Frequently Asked Questions
I am a final year medical student and would be grateful of advice on how to secure an elective in sports and exercise medicine?
We at BASEM often get approached by students seeking elective opportunities in Sport and Exercise Medicine. However, as an organisation we are not currently in the position to be able to locate, or advise on specific placements.
In general terms it is useful to look at a location in which you are interested in gaining experience, either geographical region or specific sports, and then to approach contacts within this area. Some sports teams and National Governing Bodies may have specific opportunities that are open, however, these change regularly and BASEM is not informed of many of the opportunities that may be available.
Have you considered becoming a member of BASEM? There are lots of opportunities to network with other medical professionals within the speciality, who can advise re and may be able to help with an elective. These opportunities include networking at the various courses/conferences throughout the year and also via the website forum.
I am a final year medical student who intercalated in sports medicine. What is the career path now to becoming an SEM Physician and what should I be doing in my Foundation years to improve my chances of selection for specialist training in SEM?
Firstly, the Faculty of Sport and Exercise Medicine's website (www.fsem.co.uk) provides information on career progression which will answer many of your queries.
The route to ST3 higher specialist training is either through General Medicine, Acute Common Stem or General Practice. All of these are ST1-2, before looking to start SEM HST at ST3. There is an argument that says doing ST1 - 3 in General Practice may be a sensible option, then going on to ST3 in SEM as this will lead to dual accreditation.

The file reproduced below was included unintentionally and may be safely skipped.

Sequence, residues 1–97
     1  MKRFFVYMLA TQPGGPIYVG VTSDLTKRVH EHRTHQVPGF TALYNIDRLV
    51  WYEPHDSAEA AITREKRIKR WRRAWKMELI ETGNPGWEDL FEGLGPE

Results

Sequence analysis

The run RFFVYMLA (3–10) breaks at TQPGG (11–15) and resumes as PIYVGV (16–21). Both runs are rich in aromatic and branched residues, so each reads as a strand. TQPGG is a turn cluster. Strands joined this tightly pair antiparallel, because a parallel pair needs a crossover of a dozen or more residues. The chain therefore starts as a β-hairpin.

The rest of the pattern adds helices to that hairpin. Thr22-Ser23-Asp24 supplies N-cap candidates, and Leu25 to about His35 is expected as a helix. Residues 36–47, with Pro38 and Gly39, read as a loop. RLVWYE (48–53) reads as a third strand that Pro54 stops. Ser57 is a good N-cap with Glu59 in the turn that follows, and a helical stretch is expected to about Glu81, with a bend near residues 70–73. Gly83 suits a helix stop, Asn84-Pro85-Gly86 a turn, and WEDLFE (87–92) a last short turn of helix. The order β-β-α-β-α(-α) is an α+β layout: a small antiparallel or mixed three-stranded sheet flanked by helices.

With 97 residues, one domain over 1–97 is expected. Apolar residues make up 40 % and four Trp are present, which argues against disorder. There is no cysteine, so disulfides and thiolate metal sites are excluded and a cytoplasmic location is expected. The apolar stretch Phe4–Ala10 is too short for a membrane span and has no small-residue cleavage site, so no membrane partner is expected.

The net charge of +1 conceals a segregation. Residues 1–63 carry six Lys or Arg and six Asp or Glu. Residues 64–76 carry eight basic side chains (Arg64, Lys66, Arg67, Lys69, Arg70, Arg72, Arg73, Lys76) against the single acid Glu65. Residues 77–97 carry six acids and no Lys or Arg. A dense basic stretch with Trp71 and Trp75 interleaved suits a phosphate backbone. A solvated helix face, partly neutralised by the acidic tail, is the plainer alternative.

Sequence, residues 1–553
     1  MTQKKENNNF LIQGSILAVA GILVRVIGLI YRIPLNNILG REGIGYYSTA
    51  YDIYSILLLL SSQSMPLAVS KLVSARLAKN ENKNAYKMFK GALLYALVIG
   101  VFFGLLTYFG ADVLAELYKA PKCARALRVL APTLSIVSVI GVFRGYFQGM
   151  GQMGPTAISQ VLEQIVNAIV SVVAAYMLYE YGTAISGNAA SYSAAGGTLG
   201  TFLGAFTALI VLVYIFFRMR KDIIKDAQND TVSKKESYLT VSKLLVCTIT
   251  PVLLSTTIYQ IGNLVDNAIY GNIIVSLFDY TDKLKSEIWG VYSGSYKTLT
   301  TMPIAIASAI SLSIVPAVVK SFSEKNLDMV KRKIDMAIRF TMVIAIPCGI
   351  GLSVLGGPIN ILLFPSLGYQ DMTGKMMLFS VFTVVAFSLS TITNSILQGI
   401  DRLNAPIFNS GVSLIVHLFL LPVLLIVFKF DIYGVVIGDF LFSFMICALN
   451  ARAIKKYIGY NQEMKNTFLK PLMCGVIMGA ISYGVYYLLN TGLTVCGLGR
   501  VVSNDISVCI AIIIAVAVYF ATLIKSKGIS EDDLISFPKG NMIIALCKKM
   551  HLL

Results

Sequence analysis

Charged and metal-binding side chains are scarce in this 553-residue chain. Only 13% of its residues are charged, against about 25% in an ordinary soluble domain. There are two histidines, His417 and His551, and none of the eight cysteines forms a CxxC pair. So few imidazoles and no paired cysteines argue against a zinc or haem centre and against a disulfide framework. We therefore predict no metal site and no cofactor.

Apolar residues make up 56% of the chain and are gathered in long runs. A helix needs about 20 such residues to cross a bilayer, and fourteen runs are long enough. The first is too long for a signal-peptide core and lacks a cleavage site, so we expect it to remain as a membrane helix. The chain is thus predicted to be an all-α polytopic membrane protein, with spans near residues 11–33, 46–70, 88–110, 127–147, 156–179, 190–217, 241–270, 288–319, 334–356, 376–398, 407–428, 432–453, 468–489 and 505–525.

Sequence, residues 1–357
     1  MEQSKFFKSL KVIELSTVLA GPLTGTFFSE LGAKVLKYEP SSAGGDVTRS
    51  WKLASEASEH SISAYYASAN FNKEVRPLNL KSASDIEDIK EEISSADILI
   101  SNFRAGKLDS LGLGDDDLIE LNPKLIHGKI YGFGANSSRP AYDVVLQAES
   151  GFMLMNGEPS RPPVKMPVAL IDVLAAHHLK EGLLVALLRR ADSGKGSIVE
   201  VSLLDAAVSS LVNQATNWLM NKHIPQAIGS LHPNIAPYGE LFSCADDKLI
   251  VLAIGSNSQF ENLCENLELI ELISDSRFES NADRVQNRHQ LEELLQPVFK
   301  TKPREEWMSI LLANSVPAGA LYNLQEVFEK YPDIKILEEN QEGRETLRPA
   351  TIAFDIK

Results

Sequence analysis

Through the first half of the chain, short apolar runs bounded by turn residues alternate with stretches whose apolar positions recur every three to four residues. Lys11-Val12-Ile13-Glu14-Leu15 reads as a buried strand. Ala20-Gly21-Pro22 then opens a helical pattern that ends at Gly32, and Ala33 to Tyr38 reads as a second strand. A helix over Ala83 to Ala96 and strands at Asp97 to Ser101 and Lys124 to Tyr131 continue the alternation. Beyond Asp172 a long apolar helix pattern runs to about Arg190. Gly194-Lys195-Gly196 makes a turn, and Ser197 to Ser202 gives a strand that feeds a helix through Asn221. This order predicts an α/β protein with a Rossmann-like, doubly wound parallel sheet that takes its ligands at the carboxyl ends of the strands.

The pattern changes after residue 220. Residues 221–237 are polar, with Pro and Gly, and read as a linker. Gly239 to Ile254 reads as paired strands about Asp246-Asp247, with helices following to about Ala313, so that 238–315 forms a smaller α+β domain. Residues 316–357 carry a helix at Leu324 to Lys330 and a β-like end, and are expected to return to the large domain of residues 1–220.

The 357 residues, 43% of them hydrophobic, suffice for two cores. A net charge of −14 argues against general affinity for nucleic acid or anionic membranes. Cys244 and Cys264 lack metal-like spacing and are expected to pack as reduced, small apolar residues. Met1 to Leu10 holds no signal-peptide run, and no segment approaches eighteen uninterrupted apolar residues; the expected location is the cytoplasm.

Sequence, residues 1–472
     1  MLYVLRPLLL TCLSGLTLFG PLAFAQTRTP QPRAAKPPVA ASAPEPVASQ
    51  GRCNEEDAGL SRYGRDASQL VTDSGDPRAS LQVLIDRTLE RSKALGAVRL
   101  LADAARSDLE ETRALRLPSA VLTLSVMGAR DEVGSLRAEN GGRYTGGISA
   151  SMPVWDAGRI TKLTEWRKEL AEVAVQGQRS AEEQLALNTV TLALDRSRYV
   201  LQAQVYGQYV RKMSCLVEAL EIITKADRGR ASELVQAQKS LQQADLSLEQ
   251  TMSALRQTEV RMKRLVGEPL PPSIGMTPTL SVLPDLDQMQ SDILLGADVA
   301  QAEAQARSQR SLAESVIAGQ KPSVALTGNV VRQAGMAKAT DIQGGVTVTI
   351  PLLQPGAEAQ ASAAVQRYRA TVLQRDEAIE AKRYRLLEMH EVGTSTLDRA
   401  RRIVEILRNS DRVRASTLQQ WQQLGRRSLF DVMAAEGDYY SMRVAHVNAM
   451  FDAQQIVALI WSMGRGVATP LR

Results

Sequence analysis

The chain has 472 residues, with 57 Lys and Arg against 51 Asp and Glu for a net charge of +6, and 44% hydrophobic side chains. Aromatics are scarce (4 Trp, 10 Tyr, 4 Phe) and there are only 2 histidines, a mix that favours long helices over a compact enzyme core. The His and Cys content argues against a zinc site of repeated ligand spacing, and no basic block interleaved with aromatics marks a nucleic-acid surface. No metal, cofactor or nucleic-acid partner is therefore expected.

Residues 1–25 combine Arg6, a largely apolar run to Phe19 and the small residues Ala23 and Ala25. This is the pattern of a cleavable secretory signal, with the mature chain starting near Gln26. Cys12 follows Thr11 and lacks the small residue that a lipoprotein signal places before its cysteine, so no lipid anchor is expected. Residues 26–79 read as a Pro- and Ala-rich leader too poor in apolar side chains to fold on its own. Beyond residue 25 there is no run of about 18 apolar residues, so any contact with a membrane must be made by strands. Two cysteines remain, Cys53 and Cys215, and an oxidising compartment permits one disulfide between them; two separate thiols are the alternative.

An MSc in Sport and Exercise Medicine would be a good thing to consider. This will teach you much of the academic underpinning for the training. A variety of Universitites run these, some of which allow you to continue working whilst studying. Click here for further information.
Finding local practitioners and gaining insights from them will be useful. Look in your local vicinity to see if you can gain some practical exposure to SEM.
Other things that can be useful include attending relevant courses, conferences and other learning events; join the SEM society at your University of study. Finally, join BASEM as an undergraduate student member, where you will receive regular updates on SEM issues and access to the members' area to enable you to network with your fellow colleagues via the BASEM forum. Not to mention the excellent education courses/conferences, that offer useful networking opportunites as well as improve your knowledge and skils in SEM.
I am a General Practitioner and have been looking for training appropriate for Doctors in Sports and Exercise Medicine. Can you advise?
There are a number of ways of getting education in Sport and Exercise Medicine, depending on the level you want to reach. If you want to work towards a Diploma or MSc, there are several courses run by academic institutions aroung the country. These may be full-time, part-time or distance learning. Information on these courses is available here
BASEM also runs courses from an introductory to Diploma Revision. Information on BASEM courses is available here
BASEM is a membership association whose main remit is to provide education and in addition to our courses we run 2 conferences each year. There are lots of benefits for members including the British Journal of Sport (and Exercise) Medicine, the BJSM which is a leading international journal which is also taken as the membership journal by 16 other Sports Medicine Associations around the world. BASEM has introduced an elearning portal for members that has lectures videod from recent conferences and courses. We hope to expand this with structured e learning topics carrying CPD points.